Teacher resources and professional development across the curriculum

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The Science of Teaching Science

Workshop 5. Summarizing, Comparing, and Interpreting Results (90 min.)

Workshop 5: Summarizing, Comparing & Interpreting Data


The work of these teachers will be featured during Workshop 5:

 

Name: Dottie Herd

Experience: 23 years

Grade & Subjects: Grade 6 and several Grade 7 students; all subjects

Demographics: K-8 school in a rural district

Classroom: 25 students; 4 special education students

Science Teaching: 30-45 minutes daily; science integrated into curriculum

Curriculum: Derives from the Tennessee Valley Project; previously built around objectives for state standardized test.



Name: Jennie Paretti

Experience: 20 years

Grade & Subjects: Kindergarten; all subjects

Demographics: Elementary school in an urban community

Classroom: 21 students, AM session; 22 students PM session

Science Teaching: Science center available every day; science integrated into daily activities

Curriculum: Teacher developed

Other: Masters degree with concentration in whole language development and process writing



Name: Doug Kirkpatrick

Experience: 35 years

Grade & Subjects: Grade 8, physical science

Demographics: Middle school in suburban community

Classroom: 30-32 students; 2-3 special needs students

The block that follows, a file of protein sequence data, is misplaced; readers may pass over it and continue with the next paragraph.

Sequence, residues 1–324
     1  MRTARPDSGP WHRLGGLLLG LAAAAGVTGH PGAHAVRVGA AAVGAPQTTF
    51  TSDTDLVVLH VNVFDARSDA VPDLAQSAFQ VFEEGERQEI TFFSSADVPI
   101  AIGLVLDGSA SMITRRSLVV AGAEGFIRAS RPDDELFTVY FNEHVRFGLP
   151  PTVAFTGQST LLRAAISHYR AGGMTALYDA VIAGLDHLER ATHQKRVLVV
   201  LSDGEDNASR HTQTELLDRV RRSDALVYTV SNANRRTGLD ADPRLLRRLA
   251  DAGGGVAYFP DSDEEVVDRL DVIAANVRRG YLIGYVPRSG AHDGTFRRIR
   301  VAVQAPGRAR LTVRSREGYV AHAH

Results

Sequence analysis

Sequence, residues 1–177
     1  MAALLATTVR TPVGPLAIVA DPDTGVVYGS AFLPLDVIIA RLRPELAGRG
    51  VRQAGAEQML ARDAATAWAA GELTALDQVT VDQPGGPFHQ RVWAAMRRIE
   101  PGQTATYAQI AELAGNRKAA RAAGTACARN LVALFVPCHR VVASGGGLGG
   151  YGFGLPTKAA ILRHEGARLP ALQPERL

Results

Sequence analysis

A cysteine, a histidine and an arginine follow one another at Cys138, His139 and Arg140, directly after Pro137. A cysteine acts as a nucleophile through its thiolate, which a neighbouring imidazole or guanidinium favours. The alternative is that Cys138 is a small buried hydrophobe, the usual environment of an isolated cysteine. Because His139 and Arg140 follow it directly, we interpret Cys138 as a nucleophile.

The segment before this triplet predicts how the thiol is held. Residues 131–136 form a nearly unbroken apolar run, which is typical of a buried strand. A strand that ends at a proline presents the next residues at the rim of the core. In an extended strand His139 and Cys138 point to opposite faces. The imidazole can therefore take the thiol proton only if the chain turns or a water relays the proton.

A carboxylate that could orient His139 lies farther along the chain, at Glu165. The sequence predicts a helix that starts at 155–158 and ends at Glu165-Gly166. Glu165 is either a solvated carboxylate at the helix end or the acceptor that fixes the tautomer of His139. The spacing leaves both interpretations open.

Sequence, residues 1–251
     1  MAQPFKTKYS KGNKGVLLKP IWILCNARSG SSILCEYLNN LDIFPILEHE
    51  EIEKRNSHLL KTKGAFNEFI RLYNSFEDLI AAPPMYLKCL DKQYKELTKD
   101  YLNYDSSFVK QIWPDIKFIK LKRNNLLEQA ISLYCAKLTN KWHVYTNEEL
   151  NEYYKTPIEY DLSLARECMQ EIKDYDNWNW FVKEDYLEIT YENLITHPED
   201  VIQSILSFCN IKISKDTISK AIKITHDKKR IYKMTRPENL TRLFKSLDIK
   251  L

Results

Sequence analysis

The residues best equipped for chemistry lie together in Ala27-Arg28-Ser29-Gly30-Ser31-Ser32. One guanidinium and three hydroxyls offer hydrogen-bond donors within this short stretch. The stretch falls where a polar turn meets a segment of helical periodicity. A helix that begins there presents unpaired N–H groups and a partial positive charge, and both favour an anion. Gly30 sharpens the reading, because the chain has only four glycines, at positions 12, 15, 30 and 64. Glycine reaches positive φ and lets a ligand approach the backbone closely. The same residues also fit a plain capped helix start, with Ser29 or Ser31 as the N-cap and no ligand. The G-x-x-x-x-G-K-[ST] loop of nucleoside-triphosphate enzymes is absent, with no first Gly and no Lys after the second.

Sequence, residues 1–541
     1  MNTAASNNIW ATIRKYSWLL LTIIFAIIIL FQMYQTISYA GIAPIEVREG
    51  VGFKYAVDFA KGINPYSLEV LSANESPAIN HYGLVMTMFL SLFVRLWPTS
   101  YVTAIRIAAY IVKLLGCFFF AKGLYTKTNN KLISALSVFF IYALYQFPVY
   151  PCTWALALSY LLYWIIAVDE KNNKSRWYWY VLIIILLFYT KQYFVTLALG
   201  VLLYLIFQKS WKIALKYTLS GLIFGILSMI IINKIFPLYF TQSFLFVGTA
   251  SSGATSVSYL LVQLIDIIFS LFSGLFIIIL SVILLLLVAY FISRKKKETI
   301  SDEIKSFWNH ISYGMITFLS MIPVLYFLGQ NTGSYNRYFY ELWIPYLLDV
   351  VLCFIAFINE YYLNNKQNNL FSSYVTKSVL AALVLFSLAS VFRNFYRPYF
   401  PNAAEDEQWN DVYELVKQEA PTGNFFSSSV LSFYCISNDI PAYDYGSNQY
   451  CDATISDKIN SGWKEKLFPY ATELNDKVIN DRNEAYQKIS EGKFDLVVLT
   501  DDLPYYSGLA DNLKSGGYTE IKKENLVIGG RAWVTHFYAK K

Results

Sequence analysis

Science Teaching: 45 minute periods; meet 6 out of every 7 days

Curriculum: Designed by teacher working with group at University of California, Berkeley

Other: Received Feminist of the Year award from National Feminist Majority Foundation in 1991 for getting girls involved with science.



Name: Richard Haller

Experience: 20 years

Grade & Subjects: Grade 2; all subjects

Demographics: Suburban elementary school

Classroom: 24 students

Science Teaching: 45 minute block for science and social studies every day

Curriculum: Teacher developed, theme based using GEMS, AIMS

Other: Science teacher leader for district




Questions to ponder before and after Workshop 5:

1. What do students gain from having to present their findings to other students or other classes instead of reporting only to the teacher? What are three different ways in which this can be arranged?

2. If a student presenting findings to the whole class says something that's clearly wrong, what are some of your options? Which option would you be likely to choose, and why?

3. Present arguments for and against using computers to help summarize data. How can the advantages be maximized while the disadvantages are minimized?


Assignment:

Ask two to five of your colleagues the following questions:

To teach science effectively to girls, do we need to use some different teaching approaches than we use with boys? Why or why not? Does this vary with grade level?

 

 

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